Step 3
Figure-3: Splashing Water.
Figure-3: Enrique splashing water in order to prep wall for plaster
Water down wall. This can be done easily by poking a hole through the cap of a water bottle and then spraying the wall.
Step 4
Figure-4: Applying plaster.
Figure-4: Enrique applying an outward/upward pressure on the wall to make sure plaster sticks
Use the trowel to lift some of the plaster and drop it. Do this three times until you have a smooth consistency, now scoop some plaster onto the backside of a trowel and place against wall at an upward, acute angle so that the plaster is in between the wall and the trowel. Apply pressure while pressing upward (sometimes at a diagonal direction) along the wall. Plaster should stick well to the wall.
Step 5
Figure-5: Using the trowel to smooth out plaster.
Figure-5: Junior using a trowel to smooth out plaster on the wall
Smooth out small areas of plaster on the wall with a flat/rectangular trowel to give the plastered part a smoother/cleaner look and then repeat this and Step 4 until the entire wall is covered in a layer of plaster.
Step 6
Figure-6: Drying wall.
Figure 6: Wall Drying
When the wall is covered in plaster, let it dry a little bit for approximately 20 minutes. Less, the wall might be a little too wet for the next step; but more time, the wall will be too dry, making the next step difficult to tackle.
Step 7
Figure-7: Location of Rainbow Walkway at Zane Middle School.
Figure-7: Kaileigh using a wood float to smooth, prior to knowing the sponge technique.
Smoothing time for the wall. When smoothing, the wall must be wet to use the wood float, but it's much easier to use a sponge to both wet, and smooth the wall. Using this method, push a wet sponge against the wall in circular motion. Little pressure is needed, but it depends upon how wet the sponge is (more pressure if less wet). The plaster should look blended together and well-distributed, giving the entire wall a smoother/leveled look. During this step, the plasterer must look out for uneven indents or spots on the wall and fill them using Step 4 and 5, if needed. The entire wall needs to be evened and mixed using this sponge method.
Step 8
Figure-8: Location of Rainbow Walkway at Zane Middle School.
Figure-8: Kaileigh and Lexie admiring the finished plaster on the bottle wall.
When the plaster is dry, the wood levels can be taken down, and the wall can then be admired for eternity.

How To[edit | edit source]

Plaster Test[edit | edit source]

The following table describes the two main tests performed on a dry, plastered wall. These tests will determine whether the plaster will be sufficient in providing enough strength and resilience to use on the wall.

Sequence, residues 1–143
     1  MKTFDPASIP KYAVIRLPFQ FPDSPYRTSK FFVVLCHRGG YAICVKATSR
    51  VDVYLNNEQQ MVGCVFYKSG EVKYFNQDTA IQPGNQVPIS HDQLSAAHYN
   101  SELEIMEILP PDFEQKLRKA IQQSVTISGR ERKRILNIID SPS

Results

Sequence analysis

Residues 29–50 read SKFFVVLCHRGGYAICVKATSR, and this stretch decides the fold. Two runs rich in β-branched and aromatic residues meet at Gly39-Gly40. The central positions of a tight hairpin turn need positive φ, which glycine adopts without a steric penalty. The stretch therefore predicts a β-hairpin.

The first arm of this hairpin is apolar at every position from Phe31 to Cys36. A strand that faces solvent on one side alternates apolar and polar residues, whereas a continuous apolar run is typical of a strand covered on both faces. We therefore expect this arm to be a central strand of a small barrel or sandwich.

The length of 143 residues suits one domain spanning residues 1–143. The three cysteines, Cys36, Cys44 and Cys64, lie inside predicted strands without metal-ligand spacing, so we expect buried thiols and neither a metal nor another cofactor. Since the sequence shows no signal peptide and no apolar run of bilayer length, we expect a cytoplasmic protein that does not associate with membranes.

Steps Instructions
Step 1
Figure-#: The Water Test.
Figure-9: Water Test
The first of two tests performed for checking if the plaster used is sufficient, is called the "water test". Using a water bottle with a hole in it's cap or side is most useful. Stand in front of the wall and apply pressure to the water bottle so that it is hitting the same place on the plastered wall for about 60 seconds. The duration and distance from the wall are dependent upon the pressure of the water source. The most important thing is to keep these parameters consistent between tests, in order to make meaningful comparisons. If there is no significant indent made in the plaster, the plaster passed the water test. If the water burrows a hole in the plaster, the size of the indentations can be compared.
Step 2
Figure-#: Scratch Test.
Figure-10: Carley performing the scratch test to the plastered wall.
For the scratch test, the second test performed, one must use a metal brush to apply a consistent pressure on the wall while pressing up and down 100 times. If this creates an indent or hole in the plaster, then the plaster used will not pass this test. As with the water test, the degree of failure can be compared to determine the most promising recipes to iterate upon.
Step 2
Figure-11: Scratch Test Results.
Figure-11 Results of the scratch test performed inside the Botica.
Scratched the wall 100 times with the wire brush. Almost all of the plaster came off.

Timeline[edit | edit source]

The following is a timeline composed of the tasks assigned and achieved as well as the dates.

Date Tasks
28 May 2015
  • Literature review
  • Community meeting at Las Malvinas II
29 May 2015 Meeting with Eddie at Las Malvinas II
  • Took notes on current state of Destacamento: how many blocks, current square footage